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  1. #1
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    White Heather Jig - 25th April 2012

    From our last dance club meeting. This is the White Heather Jig.


    THE WHITE HEATHER JIG (J4x40)
    4C set - J Cosh 22 SCDs
    1 - 8 - 1s turn RightHand & cast to 2nd place, turn 1 LeftHand to end between 2s facing opposite sides
    9 -16 - 1s+2s dance Reel of 4 across, 1s pass RightShoulder to face 1st corners
    17-24 - 1s turn corner, partner, corner, partner, to end between 3s facing opposite sides
    25-32 - 1s+3s dance Reel of 4 across, 1s end in middle between 3s & 4s
    33-40 - 1s turn LeftHand, cast to 4th place on own side & turn RightHand

    Click on picture for video.



    A mixed group, some vastly experienced dancers and others who are only middling. A good example, I think, of things not going 100% right. But the dancers kept on going and ended up where they were supposed to. Notice, also, members helping each other to keep the dance going.

    Regards

    Chas
    [FONT=arial]Regards[/FONT]
    [B][SIZE=2][FONT=Comic Sans MS][I]Chas [/I][/FONT][/SIZE][/B]

  2. #2
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    It looks in the video that when the dancers are turning their parteners they are holding each other by the elbow/forearm. I am curious if that is common practice in your area, assuming that I am seeing the video correctly.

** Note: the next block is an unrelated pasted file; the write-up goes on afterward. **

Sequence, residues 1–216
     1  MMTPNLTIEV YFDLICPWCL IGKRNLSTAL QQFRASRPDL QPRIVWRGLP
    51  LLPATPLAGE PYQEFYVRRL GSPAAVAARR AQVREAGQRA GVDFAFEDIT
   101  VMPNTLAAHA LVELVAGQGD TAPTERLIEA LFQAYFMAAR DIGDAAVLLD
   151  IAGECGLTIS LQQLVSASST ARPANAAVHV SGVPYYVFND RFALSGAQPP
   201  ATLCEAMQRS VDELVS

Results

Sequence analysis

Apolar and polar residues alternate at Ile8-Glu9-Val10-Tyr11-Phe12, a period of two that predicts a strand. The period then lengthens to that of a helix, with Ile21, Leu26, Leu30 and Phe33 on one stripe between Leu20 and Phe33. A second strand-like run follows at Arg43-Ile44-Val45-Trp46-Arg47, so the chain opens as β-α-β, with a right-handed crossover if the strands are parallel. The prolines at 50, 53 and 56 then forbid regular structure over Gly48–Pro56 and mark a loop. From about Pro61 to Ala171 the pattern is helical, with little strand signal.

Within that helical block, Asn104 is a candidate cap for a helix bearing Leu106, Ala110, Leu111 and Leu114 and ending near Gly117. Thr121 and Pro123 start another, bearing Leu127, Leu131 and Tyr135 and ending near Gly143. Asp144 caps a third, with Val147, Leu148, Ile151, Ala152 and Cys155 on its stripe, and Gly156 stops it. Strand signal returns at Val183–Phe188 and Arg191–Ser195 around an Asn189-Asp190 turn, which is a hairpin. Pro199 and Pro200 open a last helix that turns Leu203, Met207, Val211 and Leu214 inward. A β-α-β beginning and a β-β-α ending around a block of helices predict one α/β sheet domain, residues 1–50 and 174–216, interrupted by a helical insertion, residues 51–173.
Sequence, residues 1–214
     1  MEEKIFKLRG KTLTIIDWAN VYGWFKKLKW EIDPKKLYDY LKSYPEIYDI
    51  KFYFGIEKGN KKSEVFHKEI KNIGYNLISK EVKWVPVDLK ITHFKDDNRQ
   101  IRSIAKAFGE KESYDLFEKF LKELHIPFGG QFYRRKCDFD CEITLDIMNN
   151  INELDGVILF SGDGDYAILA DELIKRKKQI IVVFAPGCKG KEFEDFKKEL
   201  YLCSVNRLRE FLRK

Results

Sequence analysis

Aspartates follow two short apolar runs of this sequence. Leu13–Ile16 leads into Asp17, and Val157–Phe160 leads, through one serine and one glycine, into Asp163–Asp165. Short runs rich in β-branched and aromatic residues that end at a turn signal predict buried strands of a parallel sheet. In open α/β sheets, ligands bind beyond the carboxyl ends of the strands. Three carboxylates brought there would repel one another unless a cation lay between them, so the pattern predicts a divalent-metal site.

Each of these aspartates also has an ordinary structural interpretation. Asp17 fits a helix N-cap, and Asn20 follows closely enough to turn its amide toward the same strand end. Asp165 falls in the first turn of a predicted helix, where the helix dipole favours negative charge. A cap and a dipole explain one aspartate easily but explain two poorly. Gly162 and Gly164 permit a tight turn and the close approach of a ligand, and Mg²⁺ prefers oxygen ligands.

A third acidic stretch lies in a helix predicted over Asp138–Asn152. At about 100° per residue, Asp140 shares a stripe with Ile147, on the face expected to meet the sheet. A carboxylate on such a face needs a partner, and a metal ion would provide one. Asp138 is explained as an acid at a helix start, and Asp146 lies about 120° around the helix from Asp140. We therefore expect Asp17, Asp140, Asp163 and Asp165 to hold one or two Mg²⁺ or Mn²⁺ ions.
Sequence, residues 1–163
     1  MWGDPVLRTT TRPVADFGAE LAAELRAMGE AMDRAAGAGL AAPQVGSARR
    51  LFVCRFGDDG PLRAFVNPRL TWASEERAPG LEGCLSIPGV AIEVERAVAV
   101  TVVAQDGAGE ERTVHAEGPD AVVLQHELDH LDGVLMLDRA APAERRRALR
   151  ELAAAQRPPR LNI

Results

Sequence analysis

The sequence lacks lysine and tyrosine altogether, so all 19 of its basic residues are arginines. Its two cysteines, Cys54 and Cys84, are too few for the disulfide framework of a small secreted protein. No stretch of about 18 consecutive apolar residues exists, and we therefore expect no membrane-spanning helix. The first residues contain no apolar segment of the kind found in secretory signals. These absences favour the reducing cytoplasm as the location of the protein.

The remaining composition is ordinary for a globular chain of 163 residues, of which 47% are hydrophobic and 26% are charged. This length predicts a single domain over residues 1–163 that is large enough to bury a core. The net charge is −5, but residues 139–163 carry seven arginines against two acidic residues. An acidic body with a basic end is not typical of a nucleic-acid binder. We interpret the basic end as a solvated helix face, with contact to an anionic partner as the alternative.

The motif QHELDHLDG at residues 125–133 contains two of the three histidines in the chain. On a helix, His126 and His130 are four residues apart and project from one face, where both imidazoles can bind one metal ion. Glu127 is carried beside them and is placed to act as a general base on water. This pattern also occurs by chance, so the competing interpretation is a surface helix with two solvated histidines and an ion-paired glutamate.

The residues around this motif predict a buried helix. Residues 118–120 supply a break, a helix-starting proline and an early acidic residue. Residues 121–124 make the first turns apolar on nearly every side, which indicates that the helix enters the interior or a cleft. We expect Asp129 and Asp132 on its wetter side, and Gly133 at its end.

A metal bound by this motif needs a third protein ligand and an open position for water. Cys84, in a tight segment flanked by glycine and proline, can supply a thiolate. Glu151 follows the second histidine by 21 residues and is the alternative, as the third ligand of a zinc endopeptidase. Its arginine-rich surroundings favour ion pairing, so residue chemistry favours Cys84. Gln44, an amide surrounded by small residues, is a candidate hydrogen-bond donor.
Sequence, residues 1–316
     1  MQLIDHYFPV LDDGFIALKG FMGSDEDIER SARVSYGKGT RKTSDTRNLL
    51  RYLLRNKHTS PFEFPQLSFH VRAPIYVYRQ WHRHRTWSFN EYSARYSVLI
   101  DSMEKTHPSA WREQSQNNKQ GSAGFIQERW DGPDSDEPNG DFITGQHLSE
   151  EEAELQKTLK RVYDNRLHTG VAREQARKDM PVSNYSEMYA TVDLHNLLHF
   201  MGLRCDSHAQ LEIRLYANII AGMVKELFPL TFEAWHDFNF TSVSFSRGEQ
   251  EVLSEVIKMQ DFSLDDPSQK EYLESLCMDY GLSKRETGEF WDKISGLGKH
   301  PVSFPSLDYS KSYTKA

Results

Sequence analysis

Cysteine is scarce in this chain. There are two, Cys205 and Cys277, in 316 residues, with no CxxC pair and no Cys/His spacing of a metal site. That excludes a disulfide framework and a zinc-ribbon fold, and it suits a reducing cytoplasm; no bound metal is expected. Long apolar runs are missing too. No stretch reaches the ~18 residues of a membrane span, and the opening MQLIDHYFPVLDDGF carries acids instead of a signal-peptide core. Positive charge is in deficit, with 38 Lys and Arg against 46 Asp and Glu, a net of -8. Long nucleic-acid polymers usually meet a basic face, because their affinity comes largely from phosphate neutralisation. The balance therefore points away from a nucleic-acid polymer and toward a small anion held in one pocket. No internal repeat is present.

3. #3
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    Quote Originally Posted by Donsel View Post
    It looks in the video that when the dancers are turning their parteners they are holding each other by the elbow/forearm. I am curious if that is common practice in your area, assuming that I am seeing the video correctly.
    Hi Donsel,

    Oh, yes. There are fast turns and there are slow turns. If it is a fast turn then the elbow grip is used. It allows the partners to pivot round each other without putting stain on the forearm. If you notice, in this case, there are only eight bars to do four turns, so a person has to get a move on.
    There is a half-way house grip, where the partners hold their forearms almost vertical. The problem there is that both partners must be reasonably of the same height otherwise the shorter partner could damage their shoulder.

    Regards

    Chas
    [FONT=arial]Regards[/FONT]
    [B][SIZE=2][FONT=Comic Sans MS][I]Chas [/I][/FONT][/SIZE][/B]

  4. #4
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    Thanks. I always find the different practices, albeit few, in SCDing throughout the world to be interesting. In my neck of the woods the instructors frown on this style of turning, regardless of speed of the turn. They similarly frown on the "upright" forearm turn. They consider the elbow hold to be quite dangerous to the dancers. So, needless to say, we don't use them. I personally find both uncomfortable and and a hinderance to my phrasing (timeing). But that may be just because of not being used to the methods.

  5. #5
    Join Date
    22nd January 10
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    I am sure this is a health a safety matter, considering the age of the dancers and the speed and velocity to get round in the turns, the elbow grip is the safest way. I see it too in much more agile and younger dancers. When burling, "belt and braces" is by far the safest way. As long as all dancers know what to expect with their fellow dancer, when fast turns are needed, then each to their own.
    Schiehallion kilted and true

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